I picked these

The Lens-Artists Challenge #125: You Pick It

This is an interesting challenge due to Tina’s opening inviting us into the challenge with “This week it’s all up to you – you get to choose your subject and to share whatever it is about it that you find interesting. Personally, I’ve chosen last week’s introduction to the concept of Wabi-Sabi, particularly as it relates to art and photography, as my topic.

Wabi-Sabi has me intrigued as my initial though was to just bung up a couple of flowers and say I picked these.

But no, I had to go down a bit of a Wabi-Sabi rabbit hole of discovery. This definition was quite good “Although Wabi-sabi can be hard to define, we can translate its simplified meaning to “rustic simplicity” or “understated elegance” with a focus on a less-is-more mentality, while “taking pleasure in the imperfect”.”

When looking for Wabi-Sabi perhaps “Wabi-sabi is a cracked and glued together ceramic bowl (check the concept of kintsugi); a funnily shaped, home-grown tomato; a dinner created from leftovers; falling cherry blossom; a worn wooden hallway and an elbow patch on your favourite jumper. Therefore, it’s an appreciation of all that is simple, modest and imperfect. Yet, loved deeply.”

So where to from here. Want to find out? Let’s have a go at my interpretation of Wabi-Sabi through a photographers eyes

I added this one for a bit of Zen fun

From the website – https://japanahome.com/journal/wabi-sabi-how-to-embrace-this-ancient-japanese-philosophy-at-home-and-life/

Wabi- sabi and Zen 

Wabi-Sabi’s roots lie in Zen Buddhism, which a Chinese twelfth century monk (Eisai) brought to Japan. Zen stresses austerity, communion with nature, and above all, reverence for everyday life as the real path to enlightenment. To reach enlightenment, Zen monks lived ascetic, often isolated lives, and sat for long periods of concentrated meditation.

In Zen philosophy, there are seven aesthetic principles in achieving Wabi-sabi:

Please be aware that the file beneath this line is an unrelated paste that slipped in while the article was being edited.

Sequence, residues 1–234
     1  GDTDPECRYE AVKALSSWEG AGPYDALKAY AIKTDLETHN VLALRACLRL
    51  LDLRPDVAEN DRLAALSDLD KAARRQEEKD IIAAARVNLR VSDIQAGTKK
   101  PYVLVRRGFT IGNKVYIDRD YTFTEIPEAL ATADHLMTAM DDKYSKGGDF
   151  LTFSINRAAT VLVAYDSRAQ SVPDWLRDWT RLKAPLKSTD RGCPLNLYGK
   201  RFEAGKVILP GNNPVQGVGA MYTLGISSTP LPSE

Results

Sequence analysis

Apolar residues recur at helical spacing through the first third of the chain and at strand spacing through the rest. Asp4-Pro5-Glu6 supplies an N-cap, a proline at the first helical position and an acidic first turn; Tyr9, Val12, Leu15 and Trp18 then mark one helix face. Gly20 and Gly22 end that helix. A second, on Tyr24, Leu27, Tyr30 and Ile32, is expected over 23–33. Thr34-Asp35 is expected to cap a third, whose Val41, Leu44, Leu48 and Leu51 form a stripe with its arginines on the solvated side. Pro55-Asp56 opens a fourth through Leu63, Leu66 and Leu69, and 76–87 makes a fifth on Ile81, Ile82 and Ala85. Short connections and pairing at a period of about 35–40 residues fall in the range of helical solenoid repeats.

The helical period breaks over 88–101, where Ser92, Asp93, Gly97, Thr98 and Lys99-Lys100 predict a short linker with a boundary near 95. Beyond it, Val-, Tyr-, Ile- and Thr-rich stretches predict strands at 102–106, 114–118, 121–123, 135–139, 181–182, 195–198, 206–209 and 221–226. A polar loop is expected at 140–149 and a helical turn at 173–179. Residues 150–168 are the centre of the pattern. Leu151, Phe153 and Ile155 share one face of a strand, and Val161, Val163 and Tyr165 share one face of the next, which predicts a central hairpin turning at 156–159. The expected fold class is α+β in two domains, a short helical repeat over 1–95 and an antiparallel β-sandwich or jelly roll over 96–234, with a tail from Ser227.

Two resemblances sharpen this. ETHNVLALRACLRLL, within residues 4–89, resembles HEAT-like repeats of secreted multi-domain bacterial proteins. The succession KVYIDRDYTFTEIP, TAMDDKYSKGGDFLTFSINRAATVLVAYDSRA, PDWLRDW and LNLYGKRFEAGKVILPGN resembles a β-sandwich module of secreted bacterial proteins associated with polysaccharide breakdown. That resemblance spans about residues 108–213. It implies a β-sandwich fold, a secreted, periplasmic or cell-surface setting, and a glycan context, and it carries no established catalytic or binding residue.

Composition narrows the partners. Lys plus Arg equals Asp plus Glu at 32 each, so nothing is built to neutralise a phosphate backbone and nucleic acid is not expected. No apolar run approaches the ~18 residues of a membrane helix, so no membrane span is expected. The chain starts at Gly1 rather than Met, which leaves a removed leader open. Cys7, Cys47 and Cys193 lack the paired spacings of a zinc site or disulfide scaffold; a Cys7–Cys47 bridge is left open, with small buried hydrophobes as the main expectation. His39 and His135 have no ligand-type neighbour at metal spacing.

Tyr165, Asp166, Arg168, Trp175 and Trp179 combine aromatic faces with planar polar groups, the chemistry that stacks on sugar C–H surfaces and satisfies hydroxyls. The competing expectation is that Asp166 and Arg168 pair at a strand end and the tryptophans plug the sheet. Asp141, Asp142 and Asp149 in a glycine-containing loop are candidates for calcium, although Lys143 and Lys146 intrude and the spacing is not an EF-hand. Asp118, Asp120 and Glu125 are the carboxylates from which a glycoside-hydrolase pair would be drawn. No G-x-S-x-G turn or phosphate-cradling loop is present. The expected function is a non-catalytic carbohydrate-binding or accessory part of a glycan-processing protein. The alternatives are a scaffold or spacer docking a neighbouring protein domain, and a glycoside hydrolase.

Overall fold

Kanso — simplicity

Fukinsei — asymmetry or irregularity

Shibumi — beauty in the understated

Shizen — naturalness without pretension

Yugen — subtle grace

Datsuzoku — freeness

Seijaku — tranquility

wabi sabi tea ceremony

Thanks Tina for taking me to Japan and back for a while

32 thoughts on “I picked these

  1. Wow Brian – you REALLY dove into the concept..I am truly impressed!! (I also loved your I picked these 😀) You have so many wonderful W-S examples but my favorites are the birdbath and the leaf. OK, the foggy trees are wonderful too.
    Your Zen fun ending is perfection!! There’s a challenge in that one for sure…..Vegetables that resemble people? Three-legged vegetables? Obscene vegetables? I’ll have to think about that one!

    Liked by 2 people

  2. This was a pleasure to explore as you gave us a mini lesson, let us enjoy the photos and then the Japan and zen musings
    well done
    top takeaways – the carrot – the colorful flowers at the start and these phrases:
    “rustic simplicity” or “understated elegance”
    that was what you delivered

    Liked by 1 person

  3. I love the Japanese style of painting, but I can’t see anything remotely Wabi Sabi in it- it’s pure precision and meticulous detail. Your take is a little on the dark side for me, Brian, but that leaf is a thing of beauty and I rather like the mysterious tree 🙂 🙂 Thanks, darlin!

    Like

  4. Oh, brilliant, I’m all for a spot of Wabi Sabi and you have given us a great explanation. Love the birdbath, the leaf and those trees in the fog.. that carrot had me smiling!

    Liked by 1 person

  5. Thank you for the lesson! Love your bird bath and the leaf especially – not to talk about your flowery starters! Lovely concept. From my grandmothers’ growing carrots I have picked many strange thingies…

    Liked by 1 person

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